Mission co-operate: Project developer of the new campus

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Hannes Pichler is head of Empa’s real estate management. He was involved i

Hannes Pichler is head of Empa’s real estate management. He was involved in the creation of the co-operate campus from the very first minute. Image: Empa

For the research institutes Empa and Eawag, Hannes Pichler developed the strategy for an innovative and sustainable campus. In planning "co-operate", the head of Empa’s real estate management was also able to draw on past experiences in major international projects.

He is not afraid of big tasks. Building a 500 million Euro cement plant with a multi-national team? For Hannes Pichler, this is an experience he recalls enthusiastically. He spent four years on a large construction site of a building materials producer with over 1,000 workers from various nations: "When you have the chance to benefit from the openness and know-how of so many people from different cultures, you realize that an intensive dialog leads to the best solutions. I learned a lot during that time."

The co-operate project for the new Empa and Eawag campus in Dübendorf may appear somewhat smaller, with an overall price tag of just under 100 million Swiss francs. But it is no less complex. Pichler, who has been working at Empa for ten years and is head of the institute’s real estate management, can put his experience with major international projects to good use for co-operate. "Already in 2017, when we were drawing up our strategy, it became clear that the needs of the numerous and highly varied stakeholders are complex, and it will be challenging to get all these parties on board." And without understanding those needs, he says, it simply wouldn’t work.

Pichler describes his career as constantly reducing problems to their essentials: As a mechanical engineer, he says, he initially focused on the subfields of sustainable energy use and computational fluid dynamics, until he finally left the world of mechanical engineering and focused on plant and process engineering. But he is always as happy as a child when big equipment rolls up on campus in Dübendorf, as it did when the pile-drilling machines arrived. The 48 holes driven into the Dübendorf soil by the machines were up to 18 meters deep, so that the new laboratory building can rest on concrete piles with particularly low vibration.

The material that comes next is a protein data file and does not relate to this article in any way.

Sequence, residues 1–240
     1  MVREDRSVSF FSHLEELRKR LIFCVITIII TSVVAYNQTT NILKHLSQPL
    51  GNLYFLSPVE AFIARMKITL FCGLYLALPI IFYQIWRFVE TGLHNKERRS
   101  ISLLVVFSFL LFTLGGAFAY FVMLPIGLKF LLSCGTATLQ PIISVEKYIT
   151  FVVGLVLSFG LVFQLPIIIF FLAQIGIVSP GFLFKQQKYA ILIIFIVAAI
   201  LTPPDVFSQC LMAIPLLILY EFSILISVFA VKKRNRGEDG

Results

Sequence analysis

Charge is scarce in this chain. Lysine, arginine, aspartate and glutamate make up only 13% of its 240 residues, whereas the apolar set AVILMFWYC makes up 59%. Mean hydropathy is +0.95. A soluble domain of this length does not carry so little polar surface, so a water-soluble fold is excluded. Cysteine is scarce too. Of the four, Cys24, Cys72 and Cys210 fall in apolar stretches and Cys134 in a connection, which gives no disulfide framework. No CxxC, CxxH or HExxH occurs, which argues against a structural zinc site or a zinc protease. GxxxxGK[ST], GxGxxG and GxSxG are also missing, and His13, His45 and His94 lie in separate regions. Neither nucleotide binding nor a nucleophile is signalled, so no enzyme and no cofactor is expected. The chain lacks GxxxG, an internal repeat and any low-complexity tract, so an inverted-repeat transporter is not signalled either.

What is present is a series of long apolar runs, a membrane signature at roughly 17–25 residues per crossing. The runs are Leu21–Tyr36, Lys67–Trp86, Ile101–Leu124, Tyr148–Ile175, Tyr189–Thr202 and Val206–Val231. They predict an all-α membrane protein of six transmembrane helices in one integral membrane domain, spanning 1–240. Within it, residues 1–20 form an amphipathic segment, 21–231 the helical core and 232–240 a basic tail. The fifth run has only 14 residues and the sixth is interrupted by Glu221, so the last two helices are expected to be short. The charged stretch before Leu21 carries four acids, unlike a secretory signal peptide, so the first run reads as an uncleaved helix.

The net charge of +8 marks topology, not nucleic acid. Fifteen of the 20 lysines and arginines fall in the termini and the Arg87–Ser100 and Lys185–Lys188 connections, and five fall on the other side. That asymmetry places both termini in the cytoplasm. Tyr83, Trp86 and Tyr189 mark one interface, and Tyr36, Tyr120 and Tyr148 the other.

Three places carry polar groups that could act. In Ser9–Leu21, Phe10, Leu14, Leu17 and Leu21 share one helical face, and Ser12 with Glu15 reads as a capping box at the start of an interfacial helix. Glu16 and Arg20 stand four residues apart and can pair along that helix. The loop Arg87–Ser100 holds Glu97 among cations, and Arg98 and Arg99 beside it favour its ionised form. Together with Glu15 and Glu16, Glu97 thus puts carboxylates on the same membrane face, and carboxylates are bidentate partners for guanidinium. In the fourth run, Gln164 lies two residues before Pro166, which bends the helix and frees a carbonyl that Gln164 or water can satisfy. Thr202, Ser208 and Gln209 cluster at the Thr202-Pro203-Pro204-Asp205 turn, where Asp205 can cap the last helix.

However, the special structural dynamics of a state-of-the-art laboratory building is only one of many requirements that the new campus must meet. The new buildings were also to be an opportunity to give a "face" to Empa’s transformation from the former testing institution to a top-notch research institute. "When we kicked off the project, we set out to make this transformation visible in the infrastructure as cost-effectively and quickly as possible," Pichler recounts. The first tool on this path was an urban master plan, which was coordinated with the directorates of Empa and Eawag. Based on a SWOT analysis, a vision for the campus of the future was derived. This consisted essentially of three guiding ideas: central spaces, interior densification and a focus on pedestrians by keeping out vehicles as much as possible. Moreover, both institutions were to be more visibly connected on the campus. These three guiding principles are taken up by co-operate, which creates a central square around NEST and new research infrastructure around it. The centralization of parking spaces in the new multi-story parking lot enables the open space on campus to be upgraded, with, among other things, a new pedestrian link being created between Empa and Eawag - the so-called green belt.

After completion of the urban master plan, the first stage was put out to public tender in accordance with procurement rules. However, with the aim of simultaneously saving resources and moving forward quickly, Pichler did not rely on the usual anonymous architectural competition, but on a new integral procurement model, in which the tendering and bidding bodies are already in dialog with each other during the procurement process. "It took 33 months from the start of the tender to the start of construction. That’s very efficient for a project like this." In the meantime, both the groundbreaking and the topping-out ceremony are things of the past, and the milestones are being reached swiftly by the construction company in charge, Implenia AG. "We chose a new, forward-looking method, and the success proves us right," says Pichler with satisfaction.

Empa’s research efforts to develop sustainable solutions for the implementation of the federal government’s Energy Strategy 2050 should also be evident in co-operate. "To ensure that the campus’ energy supply reflects these goals, we are, for example, building a seasonal experimental heat storage system with 144 ground probes under the new garage. This stores the campus’s waste heat in summer and makes it available as heating energy in winter," says Pichler. "In this way, we are contributing to sustainable real estate operations." Hannes Pichler calls it a privilege to have a job that allows you to get to help shape and create something new. "In the team, we are happy every time when another new detail is being executed. That is immensely fulfilling," he says.



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